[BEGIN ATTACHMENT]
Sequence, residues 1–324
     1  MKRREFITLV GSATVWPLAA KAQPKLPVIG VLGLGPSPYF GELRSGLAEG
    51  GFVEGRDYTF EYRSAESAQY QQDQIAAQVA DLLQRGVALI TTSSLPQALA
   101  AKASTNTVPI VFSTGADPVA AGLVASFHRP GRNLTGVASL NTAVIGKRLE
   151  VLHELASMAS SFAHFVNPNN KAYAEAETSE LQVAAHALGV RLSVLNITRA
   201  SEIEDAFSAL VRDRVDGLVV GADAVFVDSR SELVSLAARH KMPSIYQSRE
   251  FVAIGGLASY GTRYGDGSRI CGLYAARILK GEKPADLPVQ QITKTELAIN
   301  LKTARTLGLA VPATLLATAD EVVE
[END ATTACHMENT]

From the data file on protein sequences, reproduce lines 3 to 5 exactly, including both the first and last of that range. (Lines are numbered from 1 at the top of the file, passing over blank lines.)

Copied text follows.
    51  GFVEGRDYTF EYRSAESAQY QQDQIAAQVA DLLQRGVALI TTSSLPQALA
   101  AKASTNTVPI VFSTGADPVA AGLVASFHRP GRNLTGVASL NTAVIGKRLE
   151  VLHELASMAS SFAHFVNPNN KAYAEAETSE LQVAAHALGV RLSVLNITRA